The Sultán again showed an anxious wish to take the fort of Chitore, but Mohammed Zamán Mírzá, grandson of Sultán Husain, king of Kho­rásán, happening at this time to fly from his relation, Jannat Áshiání Humáyún Pádsháh, of Dehlí, attached himself to Sultán Bahádur.* Humáyún was much vexed at this, and wrote to the king of Gujarát, either to send the fugi­tive back, or expel him from his country. The different letters on this subject which passed between them are to be found in the history before quoted; and, to terminate the matter, these produced a mutual enmity. About this time, Sultán Bahádur sent his army from Mandú to the siege of Chitore, and appointed Rúmí Khán as his deputy there; promising that, after cap­turing it, he would give it over to his care.

At the same period, intelligence was received that Humáyún Pádsháh had arrived at Gwalior, with the view of making war on Sultán Bahá­dur; who, while investing Chitore, and fighting with infidels, patiently waited the result. After being aware of Humáyún's intentions, he com­manded Tátár Khán Lódí to make a demon­stration against Dehlí, and to go by way of Beyána, under an impression that, if Humáyún went into Gujarát, he himself would become master of Dehlí; or that the other, having nothing better left him, would order his troops to return. By the will of fate, and the mistakes of Tátár Khán Lódí, these measures were not accomplished, and the Gujarát army was accordingly defeated by Hindal Mírzá, the brother of Humáyún. Notwithstanding this, the siege of Chitore continued; and the besieged at length, being straitened, surrendered the fort.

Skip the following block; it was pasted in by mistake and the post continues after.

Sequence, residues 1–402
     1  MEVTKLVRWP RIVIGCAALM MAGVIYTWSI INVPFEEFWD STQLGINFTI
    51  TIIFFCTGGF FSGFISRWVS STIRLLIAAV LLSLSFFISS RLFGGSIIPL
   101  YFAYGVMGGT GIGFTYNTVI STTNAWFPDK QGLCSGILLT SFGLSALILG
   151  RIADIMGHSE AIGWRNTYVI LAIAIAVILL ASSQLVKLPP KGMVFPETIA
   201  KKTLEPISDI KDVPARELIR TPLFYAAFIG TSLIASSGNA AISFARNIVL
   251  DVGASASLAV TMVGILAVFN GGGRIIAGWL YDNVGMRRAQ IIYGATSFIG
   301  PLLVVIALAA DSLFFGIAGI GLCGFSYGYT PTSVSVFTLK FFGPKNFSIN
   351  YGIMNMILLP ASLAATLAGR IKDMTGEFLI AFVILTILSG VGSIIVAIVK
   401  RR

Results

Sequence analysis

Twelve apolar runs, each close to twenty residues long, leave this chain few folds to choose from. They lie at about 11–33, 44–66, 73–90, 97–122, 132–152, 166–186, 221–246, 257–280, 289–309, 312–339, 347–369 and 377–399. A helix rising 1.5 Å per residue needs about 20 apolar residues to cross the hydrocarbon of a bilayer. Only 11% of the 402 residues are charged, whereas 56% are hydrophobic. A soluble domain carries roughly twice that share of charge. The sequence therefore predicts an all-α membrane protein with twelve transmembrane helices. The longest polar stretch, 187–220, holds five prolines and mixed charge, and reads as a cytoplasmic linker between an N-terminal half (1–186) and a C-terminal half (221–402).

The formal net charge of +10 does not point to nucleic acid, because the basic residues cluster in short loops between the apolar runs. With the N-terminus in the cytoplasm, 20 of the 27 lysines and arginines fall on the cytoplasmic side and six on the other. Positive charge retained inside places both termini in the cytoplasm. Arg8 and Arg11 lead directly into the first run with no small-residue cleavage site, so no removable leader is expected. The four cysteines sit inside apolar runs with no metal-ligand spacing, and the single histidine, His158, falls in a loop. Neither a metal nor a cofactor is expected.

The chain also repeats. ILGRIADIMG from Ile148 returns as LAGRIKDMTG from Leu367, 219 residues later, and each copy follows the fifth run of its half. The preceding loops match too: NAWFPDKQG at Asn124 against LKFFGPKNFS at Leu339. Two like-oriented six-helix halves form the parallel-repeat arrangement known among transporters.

Though Sultán Bahádur had promised to give Rúmi Khán the command of Chitore, he did not do so on various accounts. Rúmí Khán, offended at this, wrote privately to Humáyún, and at the same time threw difficulties in the way of the king of Gujarát, whenever any thing was to be done, as is to be found detailed in the above history. Sultán Bahádur was at length forced to take shelter in the fort of Mandú, but, on the capture of this place by Humáyún, escaped to Chámpánír, and left Mandú to the care and protection of Ikhtiyár Khán and Rájá Nar­singh Deo. From thence going to the country of Sorath, he took up his residence in the island of Diú.* Soon after this, Chámpánír fell into the power of Humáyún, who went to Ahmadábád; but, as he was obliged to return to the capital of Agra, in consequence of the insur­rection of Shír Khán Afghán, otherwise entitled Shír Sháh, he left his brother, Mírzá Askarí, at Ahmadábád, Kásim Beg in the Sirkar of Bhroch, Yádgár Násir Mírzá in the Sirkar of Patan, and Baba Beg Jallairí in the fort of Chámpánír. At this time, Sultán Bahádur's commanders, such as Malik Amín Darwísh, who had been appointed to command Rentumbhore, Malik Bur­hánu-l-Mulk, the commandant of Chitore, and Shamshíru-l-Mulk, the commandant of Ajmír, having effected a junction, advanced with forty thousand cavalry to the neighbourhood of Patan, whence they sent to tell the Sultán that, if it was his pleasure, their troops would attack those of Yádgár Násir Mírzá. The Sultán replied that he was about to join them, and that they must not engage the Mírzá until he came. Soon after Sultán Bahádur joined the troops, Yádgár Násir Mírzá hearing that he had arrived, kept aloof, and hastened to Ahmadábád. The former, on learning that soldiers from all quarters were flocking to join him, advanced against Ahmadábád; soon after which Mírzá Askarí and the others gave him battle near Mahmúdábád. The Dehlí commanders, how­ever, perceiving that it would be impossible to keep their footing in a strange country, went soon after to join Humáyún. Mírzá Askarí and the others were in possession of Gujarát nine months and some days.